Lynn & David travelling in South America travel blog

Lynn en route to Arequipa, Peru

En route to Arequipa, Peru

View of Misti Volcano from our hotel room in Arequipa, Peru

Inside Monastero de Santa Catalina, Arequipa, Peru

Lynn and David, Monastero de Santa Catalina, Arequipa, Peru

View from the roof, Monastero de Santa Catalina, Arequipa, Peru

Revolving shelf through which nuns could receive visitor gifts, Monastero de Santa...

"Window" through nuns could talk to visitors (double bars), Monastero de Santa...

Entry to Novices Courtyard, Monastero de Santa Catalina, Arequipa, Peru

Nun's Cell, Monastero de Santa Catalina, Arequipa, Peru

Calle Cordoba, 18th Century Street within Monastero de Santa Catalina, Arequipa, Peru

David in Monastero de Santa Catalina, Arequipa, Peru

The Main Cloister, Monastero de Santa Catalina, Arequipa, Peru

Sunday 15th June 2014

Puerto Inca to Arequipa, Peru

Left at 7:00am after an early breakfast. Today was a driving day and we travelled from our camp in Puerto Inca down the desert coast of Peru through dry dusty towns and spectacular roads close to the coast but high above it. We finally turned inland towards the mountains and arrived in Arequipa, set at around 2,300 metres above sea level with a perfect volcano overlooking the town. Arequipa was badly damaged in an earthquake in 2001 as were many places in this area. We have seen many places in Peru that have had earthquake damage of one kind or another. We are staying in a hotel tonight. We went out and had dinner in a restaurant near the main square (Plaza de Armas) then walked back to the hotel. To bed around 10:00pm. Weather was beautiful, warm and fine today, but cold in the evening.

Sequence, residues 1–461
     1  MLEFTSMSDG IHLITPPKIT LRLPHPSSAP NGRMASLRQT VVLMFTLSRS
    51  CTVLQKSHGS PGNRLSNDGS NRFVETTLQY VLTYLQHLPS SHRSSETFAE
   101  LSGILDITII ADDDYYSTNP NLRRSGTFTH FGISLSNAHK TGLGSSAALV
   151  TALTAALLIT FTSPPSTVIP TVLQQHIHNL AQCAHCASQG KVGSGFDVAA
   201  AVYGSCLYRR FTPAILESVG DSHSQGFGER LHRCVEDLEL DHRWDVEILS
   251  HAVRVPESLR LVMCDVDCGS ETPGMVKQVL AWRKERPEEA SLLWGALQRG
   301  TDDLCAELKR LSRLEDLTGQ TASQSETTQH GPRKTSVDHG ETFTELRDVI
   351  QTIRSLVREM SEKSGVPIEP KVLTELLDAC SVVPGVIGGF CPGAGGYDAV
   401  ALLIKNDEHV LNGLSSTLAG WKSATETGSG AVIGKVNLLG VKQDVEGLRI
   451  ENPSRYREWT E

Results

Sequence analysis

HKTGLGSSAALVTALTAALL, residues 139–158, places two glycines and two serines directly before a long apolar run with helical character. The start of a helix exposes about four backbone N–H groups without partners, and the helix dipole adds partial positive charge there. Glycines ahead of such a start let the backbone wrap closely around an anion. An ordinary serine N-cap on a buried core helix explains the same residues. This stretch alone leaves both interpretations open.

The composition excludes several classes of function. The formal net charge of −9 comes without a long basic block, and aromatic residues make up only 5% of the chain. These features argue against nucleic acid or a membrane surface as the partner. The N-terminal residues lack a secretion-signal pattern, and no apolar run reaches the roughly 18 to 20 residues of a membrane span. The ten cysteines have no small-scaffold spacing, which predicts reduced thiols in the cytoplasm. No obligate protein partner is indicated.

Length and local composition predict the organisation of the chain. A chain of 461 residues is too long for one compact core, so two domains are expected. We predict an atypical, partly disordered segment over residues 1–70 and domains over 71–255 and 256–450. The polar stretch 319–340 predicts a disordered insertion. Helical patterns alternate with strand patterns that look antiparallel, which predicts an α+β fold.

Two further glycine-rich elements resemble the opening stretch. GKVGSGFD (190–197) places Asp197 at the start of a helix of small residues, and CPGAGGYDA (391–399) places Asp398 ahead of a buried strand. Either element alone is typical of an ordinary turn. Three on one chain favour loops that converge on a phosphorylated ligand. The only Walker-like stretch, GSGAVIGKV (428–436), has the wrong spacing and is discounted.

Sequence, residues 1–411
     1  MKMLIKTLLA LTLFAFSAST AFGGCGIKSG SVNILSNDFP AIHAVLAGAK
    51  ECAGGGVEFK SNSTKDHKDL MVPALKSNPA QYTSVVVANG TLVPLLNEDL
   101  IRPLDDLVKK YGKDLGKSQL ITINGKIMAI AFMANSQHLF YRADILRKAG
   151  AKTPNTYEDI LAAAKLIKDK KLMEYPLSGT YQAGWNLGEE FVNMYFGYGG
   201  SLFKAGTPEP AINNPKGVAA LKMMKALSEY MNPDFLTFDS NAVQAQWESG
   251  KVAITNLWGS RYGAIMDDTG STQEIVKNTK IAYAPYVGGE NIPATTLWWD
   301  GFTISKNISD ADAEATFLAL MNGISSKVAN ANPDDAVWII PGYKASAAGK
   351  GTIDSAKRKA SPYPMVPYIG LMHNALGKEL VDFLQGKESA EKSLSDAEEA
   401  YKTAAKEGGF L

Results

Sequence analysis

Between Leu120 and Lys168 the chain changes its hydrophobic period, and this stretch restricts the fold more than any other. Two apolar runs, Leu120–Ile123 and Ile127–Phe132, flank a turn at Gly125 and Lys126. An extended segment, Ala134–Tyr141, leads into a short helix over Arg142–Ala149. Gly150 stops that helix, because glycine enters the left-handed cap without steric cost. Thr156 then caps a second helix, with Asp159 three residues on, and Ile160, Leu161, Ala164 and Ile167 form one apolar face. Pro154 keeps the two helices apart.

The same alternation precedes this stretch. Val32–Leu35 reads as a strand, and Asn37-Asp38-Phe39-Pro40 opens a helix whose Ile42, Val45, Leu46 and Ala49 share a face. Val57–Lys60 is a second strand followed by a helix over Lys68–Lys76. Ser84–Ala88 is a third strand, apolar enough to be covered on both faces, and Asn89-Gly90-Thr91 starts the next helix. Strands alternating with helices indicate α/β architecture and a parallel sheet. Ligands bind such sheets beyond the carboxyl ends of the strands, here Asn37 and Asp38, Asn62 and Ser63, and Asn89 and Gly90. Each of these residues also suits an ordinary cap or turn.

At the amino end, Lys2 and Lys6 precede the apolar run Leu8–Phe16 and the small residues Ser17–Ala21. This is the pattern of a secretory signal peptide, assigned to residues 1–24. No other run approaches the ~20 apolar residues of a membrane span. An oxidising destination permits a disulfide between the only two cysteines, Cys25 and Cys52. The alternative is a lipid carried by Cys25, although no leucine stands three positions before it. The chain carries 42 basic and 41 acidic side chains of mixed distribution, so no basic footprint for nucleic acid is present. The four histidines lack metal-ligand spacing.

Monday 16th June 2014

Arequipa, Peru

Because today wasn't a travelling day, we were able to wake up later. We had breakfast downstairs in the hotel then went out in the town. We first of all went to the Monastery of Santa Catalina, a town within a town, the largest monastery in South America, a place where nuns have lived in cloisters for over 4 centuries and the premier tourist attraction in Arequipa. We walked into every room, cell and along every street in the place. It is really mostly a museum now but there are still a number of nuns living there but not anywhere near the number that used to be there. It was a very beautiful and peaceful place, lovingly restored. This part of Peru suffers from earthquakes and Arequipa has been subject to many over the centuries. They have caused much damage to the buildings but the people seem to just fix them up again and move on. We had lunch with Kirstin from the group and then we went with her to see "Juanita", the Ice Maiden, a young Inca girl, (12 - 14yo), who had been taken up to the top of a nearby volcano and sacrificed to the mountain god and had lain there buried in the ice for about 600 years until an eruption on the volcano adjacent had melted the ice and had exposed her mummified body. The body now lies in the museum stored at -30C in a glass case. She still has skin, hair, all internal organs etc and is perfectly preserved. It is rather sad that she was not allowed to stay on top of the volcano in peace. We then went back to the hotel and because we were having an extremely early start tomorrow, we just had a snack and went to bed around 9:00pm.

Entry Rating:     Why ratings?
Please Rate:  
Thank you for voting!
Share |